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Opinion and Insight

“If There Was Heat… Just Bring It On”

Director Lance Acord talks at Ciclope about the politics and bravery of Nike’s Just Do It 30th anniversary campaign with Colin Kaepernick, writes Laura Swinton

“If There Was Heat… Just Bring It On”

Acclaimed commercials director and movie cinematographer Lance Acord has provoked many reactions with his ads. Laughter. The odd tear. But it was only this September that he made a spot that helped drive a lot of idiots to set their trainers alight and that added $6 billion to Nike’s stock market value.

Speaking at Ciclope Festival last week, Lance, who is also the co-founder of Park Pictures, reflected on the experience of working on the campaign that made such a strong social statement. The ad featured former NFL star Colin Kaepernick, who famously initiated the movement to ‘take a knee’ during the US anthem in protest against police brutality. From the get-go, Lance said that they knew it would be a hot potato. “I think we all felt that, but from my perspective and from Jackie [Kelman Bisbee, co-founder of Park Pictures] and the company… if there was heat, just bring it on,” he said.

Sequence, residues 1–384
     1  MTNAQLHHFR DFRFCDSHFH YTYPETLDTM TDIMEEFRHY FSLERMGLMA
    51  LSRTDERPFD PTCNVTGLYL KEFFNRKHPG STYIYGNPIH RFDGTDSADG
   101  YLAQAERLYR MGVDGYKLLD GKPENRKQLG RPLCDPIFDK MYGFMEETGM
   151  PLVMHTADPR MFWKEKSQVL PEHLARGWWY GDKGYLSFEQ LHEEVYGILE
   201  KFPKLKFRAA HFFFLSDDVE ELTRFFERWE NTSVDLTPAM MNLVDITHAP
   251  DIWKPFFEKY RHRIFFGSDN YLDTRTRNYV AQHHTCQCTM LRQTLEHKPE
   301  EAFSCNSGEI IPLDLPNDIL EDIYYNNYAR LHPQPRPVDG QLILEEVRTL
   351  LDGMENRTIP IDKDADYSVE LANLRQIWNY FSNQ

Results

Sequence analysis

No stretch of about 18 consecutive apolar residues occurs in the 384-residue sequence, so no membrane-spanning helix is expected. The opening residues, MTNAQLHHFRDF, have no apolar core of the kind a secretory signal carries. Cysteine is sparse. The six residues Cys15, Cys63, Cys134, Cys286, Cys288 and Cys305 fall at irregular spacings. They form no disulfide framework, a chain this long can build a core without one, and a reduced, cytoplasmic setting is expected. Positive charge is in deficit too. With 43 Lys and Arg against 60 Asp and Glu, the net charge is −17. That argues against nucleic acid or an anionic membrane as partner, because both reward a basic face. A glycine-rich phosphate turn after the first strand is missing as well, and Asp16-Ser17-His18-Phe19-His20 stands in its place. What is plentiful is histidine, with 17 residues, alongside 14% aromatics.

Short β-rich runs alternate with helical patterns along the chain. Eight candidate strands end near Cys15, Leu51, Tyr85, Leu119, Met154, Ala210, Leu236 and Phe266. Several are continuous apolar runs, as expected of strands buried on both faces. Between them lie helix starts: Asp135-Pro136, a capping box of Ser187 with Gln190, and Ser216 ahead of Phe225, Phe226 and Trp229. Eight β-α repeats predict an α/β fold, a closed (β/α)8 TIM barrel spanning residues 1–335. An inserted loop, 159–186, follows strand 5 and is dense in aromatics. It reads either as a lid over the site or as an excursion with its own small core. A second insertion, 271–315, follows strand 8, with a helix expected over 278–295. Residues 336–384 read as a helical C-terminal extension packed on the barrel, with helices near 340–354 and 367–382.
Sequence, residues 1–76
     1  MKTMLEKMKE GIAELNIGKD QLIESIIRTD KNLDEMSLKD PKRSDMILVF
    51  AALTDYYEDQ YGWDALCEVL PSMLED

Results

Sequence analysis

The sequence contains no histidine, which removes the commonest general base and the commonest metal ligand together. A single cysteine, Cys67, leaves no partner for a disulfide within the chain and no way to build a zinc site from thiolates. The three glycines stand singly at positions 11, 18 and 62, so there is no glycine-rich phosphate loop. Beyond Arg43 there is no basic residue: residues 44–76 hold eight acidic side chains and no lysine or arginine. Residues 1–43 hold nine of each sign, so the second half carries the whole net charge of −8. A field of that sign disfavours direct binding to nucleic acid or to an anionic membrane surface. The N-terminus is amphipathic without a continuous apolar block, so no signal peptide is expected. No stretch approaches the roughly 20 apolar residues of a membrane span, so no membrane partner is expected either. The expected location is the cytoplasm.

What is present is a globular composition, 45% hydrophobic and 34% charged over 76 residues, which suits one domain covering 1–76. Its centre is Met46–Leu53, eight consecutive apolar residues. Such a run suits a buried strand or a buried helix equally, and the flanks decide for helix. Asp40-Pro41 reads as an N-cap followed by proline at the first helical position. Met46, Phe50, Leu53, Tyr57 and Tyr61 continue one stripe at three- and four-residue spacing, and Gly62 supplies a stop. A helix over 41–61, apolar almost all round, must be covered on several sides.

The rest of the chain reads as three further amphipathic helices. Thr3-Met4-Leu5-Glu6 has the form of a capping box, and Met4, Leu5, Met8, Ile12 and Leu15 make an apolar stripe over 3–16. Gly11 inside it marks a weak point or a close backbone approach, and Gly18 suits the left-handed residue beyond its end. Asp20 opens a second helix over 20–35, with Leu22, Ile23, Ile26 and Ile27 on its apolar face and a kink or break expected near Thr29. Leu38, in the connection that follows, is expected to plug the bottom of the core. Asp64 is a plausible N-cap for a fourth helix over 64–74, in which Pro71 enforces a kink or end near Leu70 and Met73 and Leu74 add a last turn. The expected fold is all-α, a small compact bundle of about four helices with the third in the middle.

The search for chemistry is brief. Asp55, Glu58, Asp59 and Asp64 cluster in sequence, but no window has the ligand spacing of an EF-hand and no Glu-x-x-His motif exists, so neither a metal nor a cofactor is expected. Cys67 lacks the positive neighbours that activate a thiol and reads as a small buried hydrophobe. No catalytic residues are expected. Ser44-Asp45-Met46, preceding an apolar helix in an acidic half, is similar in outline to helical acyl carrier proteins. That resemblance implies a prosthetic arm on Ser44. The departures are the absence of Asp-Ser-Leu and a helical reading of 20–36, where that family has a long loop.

Reflecting on the fact that, during the first week of the campaign’s release, objectors took to social media with videos of themselves burning their Nikes (with some bright sparks doing so whilst wearing them), Lance said that he had hoped that would inspire a wider engagement from athletes sponsored by competitor brands like Under Armour and Adidas.

“I wish they would have come out and said ‘burn our shoes too. If you’re going to burn their shoes, burn our shoes’. It would have been great if that could have happened,” he said.

Lance revealed that during the edit there were a few nervous jitters from various parties but he is full of praise for the team at Nike for following through. “It’s great that they stuck to it and put it out into the world. It took a lot of courage and, ultimately, when you look at our society and the degree to which we’re all immersed and enmeshed in this consumer society, it’s companies and corporations that can make as big a difference as anyone.”

Speaking more broadly about the political situation in his home country, he reflected that the Nike experience had made him wonder if perhaps brands might be more able to reach a solution and influence attitudes than any traditional political solution.

“I almost have more confidence now that if somehow we can get corporations to align with one another and to inspire some social change, maybe there’s better odds of that,” he said. “It might be wishful thinking, I don’t know.”
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